QUICK NOTES:
The highlighted lines are sections of interest to look out for.

The code is heavily commented, so no further insight is necessary. If you have any questions, feel free to leave a comment below.

JavaScript || Promise – Resolve Promises In Order Of Completion Using Vanilla JavaScript

The return values of Promise.all are returned in the order that the Promises were passed in, regardless of completion order. Sometimes, it is nice to know which promise completed first.

The following is sample code which demonstrates how to resolve an array of promises and return the results in order of completion.

Contents

1. Resolve By Completion
2. Fail-Fast Behavior
3. Timeout
4. Utils.resolveByCompletion
5. More Examples


1. Resolve By Completion

The examples below demonstrate the return values of Promise.all compared to ‘resolve by completion‘.

‘Resolve by completion’ returns the completed values from fastest to slowest.



2. Fail-Fast Behavior

Promise.all is rejected if any of the elements are rejected. For example, if you pass in multiple promises that will resolve, and one promise that rejects, then Promise.all will reject immediately.

Similar to Promise.allSettled, ‘Resolve by completion’ allows returning the promises rejected value to the result list.

The following example demonstrates this behavior.

‘Resolve by completion’ returns the rejected value as apart of the result list, depending on the boolean ‘rejectOnError’ parameter.



3. Timeout

By default, ‘resolve by completion’ has no timeout. If setting a timeout is desired, it can be done like so.



4. Utils.resolveByCompletion

The following is Utils.resolveByCompletion. Include this in your project to start using!



5. More Examples

Below are more examples demonstrating the use of ‘Utils.resolveByCompletion’. Don’t forget to include the module when running the examples!

QUICK NOTES:
The highlighted lines are sections of interest to look out for.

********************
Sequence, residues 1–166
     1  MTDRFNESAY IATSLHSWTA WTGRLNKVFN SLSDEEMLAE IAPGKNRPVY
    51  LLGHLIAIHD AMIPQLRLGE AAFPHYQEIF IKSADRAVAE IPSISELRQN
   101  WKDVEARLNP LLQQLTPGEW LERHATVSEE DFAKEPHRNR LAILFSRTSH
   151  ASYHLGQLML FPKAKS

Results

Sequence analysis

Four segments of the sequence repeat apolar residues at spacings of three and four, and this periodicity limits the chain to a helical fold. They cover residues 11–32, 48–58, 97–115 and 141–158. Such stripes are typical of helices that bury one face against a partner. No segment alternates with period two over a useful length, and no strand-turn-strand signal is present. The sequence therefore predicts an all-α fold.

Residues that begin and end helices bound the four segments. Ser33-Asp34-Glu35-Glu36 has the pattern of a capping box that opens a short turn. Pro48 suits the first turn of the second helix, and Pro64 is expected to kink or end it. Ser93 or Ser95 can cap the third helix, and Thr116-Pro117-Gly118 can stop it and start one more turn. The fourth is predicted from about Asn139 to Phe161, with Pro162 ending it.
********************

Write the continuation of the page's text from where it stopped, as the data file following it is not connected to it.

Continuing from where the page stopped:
The code is heavily commented, so no further insight is necessary. If you have any questions, feel free to leave a comment below.

JavaScript || Resources.js – JavaScript & CSS Parallel File Loader To Dynamically Import & Load Files To Page Document Using Vanilla JavaScript


The following is a module that handles loading JavaScript and CSS files into a document in parallel, as fast as the browser will allow. This module also allows to ensure proper execution order if you have dependencies between files.

Resources.js Source

Contents

1. Load Files One By One
2. Load Multiple Files In Parallel
3. Load Multiple Files In Parallel With Dependencies
4. Load A JavaScript Function From Another JS File
5. Resources.js Namespace
6. More Examples


1. Load Files One By One

Syntax is very straightforward. The following demonstrates loading single files one by one:

The ‘Resources.load‘ function returns an object that contains information about the load status. It can let you know if a file was loaded successfully or not.

To get the load status in order to determine if the file was loaded correctly, it can be done like so:

In the example above, the load results can let you know which files were loaded into the document, and the reason for failure.



2. Load Multiple Files In Parallel

In the examples above, files were added sequentially, one by one.

Ideally, you would want to load all of your files at once in parallel. This makes it so you are able to add multiple files as fast as the browser will allow. Parallel loading also allows you to set if there are any file dependencies.

Using the files from the examples above, this can be done like so.

For parallel loading, the parameter supplied to the ‘Resources.load‘ function is an object that is made up of the following properties.



3. Load Multiple Files In Parallel With Dependencies

The ‘wait‘ property is a great way to manage file dependencies. When the ‘wait‘ property is set to true, that indicates that the file should be completely loaded before loading subsequent files in the group.

This makes it so loading files in parallel does not cause files to be loaded before its dependent files.

The following examples demonstrates the ‘wait‘ functionality when loading files in parallel.

The example below demonstrates what happens when ‘wait‘ is not used. Load order behavior is undefined because files are loaded as they become available. This could cause an issue if the second file depends on the first file, but loads before it.

In the example below, the ‘wait‘ property is set to true for the first file, ensuring that it will always be loaded before any subsequent files.



4. Load A JavaScript Function From Another JS File

Resources.load‘ could be used to call a JavaScript function in another js file. The example below demonstrates this.

In the following example, main.html is the ‘driver’ file. It loads ‘fullName.js‘ to get the functions located in that file. ‘fullName.js‘ then uses ‘Resources.load‘ to load the files ‘display.js‘, ‘log.js‘ and ‘date.js‘, and calls the functions from those files to display information.